The hospitality sector thrives with numerous opportunities, ranging from entry-level roles like technical support to high-paying positions like executive chef or event manager. In the hospitality sector, you can create your career path based on your skills on the operational or corporate side. 

However, for that purpose, it is integral to apply for the job, attend the interview, and attain the position. During this lengthy process, there is a chance that you might end up making mistakes due to a lack of guidance or support. 

Understanding this, we have created this simple guide explaining the seven mistakes often made by entry-level hospitality job seekers. So, let’s cut the chase and dive right into the discussion.

Writing an Unprofessional Cover Letter / Or No Cover Letter at All

A cover letter can describe your understanding of the job role and how well you would fit for the position. Some of you might opt out of sharing a cover letter, which is a mistake. 

Others would share a highly unprofessional cover letter with spelling, grammatical, and logical errors. It can be a grave mistake that can reduce your chances of moving forward in the hiring process for your dream job.

A lot of hospitality recruiters are doing away with cover letters completely. However, it is expected at times by recruiters that they receive cover letters for mid management and higher management roles.

Cover letters give hospitality employers to know more about you that you could not mention in the CV. Even for entry level hospitality jobseekers, it helps in showcasing relevance and motivation towards the hospitality job they are applying for. 

Failing to Provide All Essential Details on the Resume

While reviewing your resume, the employer will look into your personal, professional, and contact information. 

If you fail to provide these details or have a resume that doesn’t meet the industrial standards, the hiring manager won’t consider you for your position.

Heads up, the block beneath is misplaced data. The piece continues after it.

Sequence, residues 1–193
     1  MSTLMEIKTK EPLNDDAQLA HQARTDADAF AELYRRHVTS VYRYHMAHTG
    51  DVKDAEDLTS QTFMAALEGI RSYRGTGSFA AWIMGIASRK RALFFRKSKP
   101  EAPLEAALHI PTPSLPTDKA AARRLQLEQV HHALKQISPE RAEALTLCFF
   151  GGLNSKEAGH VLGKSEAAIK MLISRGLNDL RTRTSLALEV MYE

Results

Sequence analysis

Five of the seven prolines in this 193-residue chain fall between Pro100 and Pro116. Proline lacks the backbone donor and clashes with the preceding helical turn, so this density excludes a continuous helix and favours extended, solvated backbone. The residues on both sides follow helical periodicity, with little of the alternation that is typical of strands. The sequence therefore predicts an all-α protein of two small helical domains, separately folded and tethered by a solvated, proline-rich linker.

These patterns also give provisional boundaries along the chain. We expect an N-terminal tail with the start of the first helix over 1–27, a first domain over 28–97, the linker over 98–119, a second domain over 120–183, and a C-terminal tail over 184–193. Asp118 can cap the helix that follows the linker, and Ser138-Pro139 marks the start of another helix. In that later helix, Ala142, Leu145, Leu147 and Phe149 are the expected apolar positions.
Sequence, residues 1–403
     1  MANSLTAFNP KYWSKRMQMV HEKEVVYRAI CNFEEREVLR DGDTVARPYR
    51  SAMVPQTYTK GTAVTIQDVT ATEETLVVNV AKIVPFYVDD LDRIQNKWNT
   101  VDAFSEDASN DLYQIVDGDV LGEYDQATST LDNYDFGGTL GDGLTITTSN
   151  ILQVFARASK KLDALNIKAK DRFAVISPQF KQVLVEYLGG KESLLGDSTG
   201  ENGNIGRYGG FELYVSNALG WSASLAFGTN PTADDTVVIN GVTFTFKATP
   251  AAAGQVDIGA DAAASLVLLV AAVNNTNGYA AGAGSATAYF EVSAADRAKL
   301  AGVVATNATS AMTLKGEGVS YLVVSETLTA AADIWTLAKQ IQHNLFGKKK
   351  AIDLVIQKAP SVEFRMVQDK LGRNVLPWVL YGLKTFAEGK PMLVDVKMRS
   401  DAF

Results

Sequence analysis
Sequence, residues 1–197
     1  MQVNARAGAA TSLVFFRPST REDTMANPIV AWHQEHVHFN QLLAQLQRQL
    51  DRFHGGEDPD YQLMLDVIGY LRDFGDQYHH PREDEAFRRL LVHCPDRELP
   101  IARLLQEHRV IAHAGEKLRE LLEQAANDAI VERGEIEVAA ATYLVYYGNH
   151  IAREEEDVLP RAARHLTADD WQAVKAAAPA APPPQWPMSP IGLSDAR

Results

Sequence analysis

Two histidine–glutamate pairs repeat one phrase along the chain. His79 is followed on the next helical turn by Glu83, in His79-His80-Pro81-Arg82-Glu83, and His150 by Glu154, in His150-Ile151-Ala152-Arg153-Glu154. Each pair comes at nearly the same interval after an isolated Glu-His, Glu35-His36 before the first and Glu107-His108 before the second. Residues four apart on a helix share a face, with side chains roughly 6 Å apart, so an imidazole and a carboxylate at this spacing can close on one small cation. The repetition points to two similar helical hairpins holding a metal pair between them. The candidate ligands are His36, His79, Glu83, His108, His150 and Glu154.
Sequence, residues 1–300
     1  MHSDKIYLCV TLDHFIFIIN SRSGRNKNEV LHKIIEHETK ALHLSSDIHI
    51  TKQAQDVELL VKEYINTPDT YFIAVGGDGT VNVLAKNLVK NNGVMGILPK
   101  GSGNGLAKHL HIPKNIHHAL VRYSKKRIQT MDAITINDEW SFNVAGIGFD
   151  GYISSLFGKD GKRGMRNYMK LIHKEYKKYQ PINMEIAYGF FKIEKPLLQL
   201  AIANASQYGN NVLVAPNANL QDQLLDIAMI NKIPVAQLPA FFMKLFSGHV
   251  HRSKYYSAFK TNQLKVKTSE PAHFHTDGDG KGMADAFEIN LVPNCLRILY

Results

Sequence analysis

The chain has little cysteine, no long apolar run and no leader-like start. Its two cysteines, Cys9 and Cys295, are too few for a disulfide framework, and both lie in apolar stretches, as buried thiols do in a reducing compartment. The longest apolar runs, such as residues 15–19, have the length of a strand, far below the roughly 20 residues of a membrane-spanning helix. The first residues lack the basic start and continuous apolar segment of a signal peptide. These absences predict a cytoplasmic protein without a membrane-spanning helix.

In addition, with Applicant Tracking Software, when you don’t provide relevant experience or skills, the chances of passing this selection stage also decrease drastically.

Inability to Complete the Online Assessments on Time (If Provided)

The employer might ask you to complete some assessments or tests to analyze your skills. If you fail to submit the same on time, you won’t be able to move forward with the hiring process.

A lot of top hospitality employers across the globe now have automated tests. Most of the entry level hospitality job seekers might need to get through this before second round of interview. 

These automated assessments also test your attitude and soft skills. Thus, being on time is crucial.

Attending the Interview Unprepared

Whether it be an online or a traditional interview, you have to take the time out to prepare yourself. Here, you have to look into general questions and role-specific queries that your employer might ask. 

If you don’t do so, it can be challenging for you to answer the questions flawlessly and impress your interviewer.

Always remember that failure in preparation is preparation of failure. 

Failing to Sell Yourself During the Interview

You know your skills and yourself better than anyone else. 

Therefore, if you fail to present yourself as a solid asset to the organization by stating what skills you can bring to the table, it can be a mistake you are making.

Maintaining an Unprofessional Social Media Account

If you didn’t know, the interviewer or the hiring team would look into your social media profiles to better understand your personality. 

Therefore, having an unprofessional LinkedIn profile that might go against the organization’s work culture can be problematic. 

LinkedIn is probably the most important social media account for entry level hospitality job seekers. Always Steer away from common LinkedIn mistakes like typos in profile, commenting without reading, keeping filters on etc. This is true even for other popular social media channels like Twitter, Instagram etc. 

Not Following Up After the Interview

Hesitating to follow up after the completion of the interview isn’t right. You can send a thank you note to your interviewer for finding time to speak with you. 

By following up, you are showing your dedication to this job role, and it can be something appreciated by the employer.

Conclusion

Here you go, some of the most common mistakes entry level job seekers from the hospitality industry make.

We have tried to keep the points simple and straight forward. If you want to know more about hospitality career, please head on to our hospitality career section and explore more about hospitality career and learning. 

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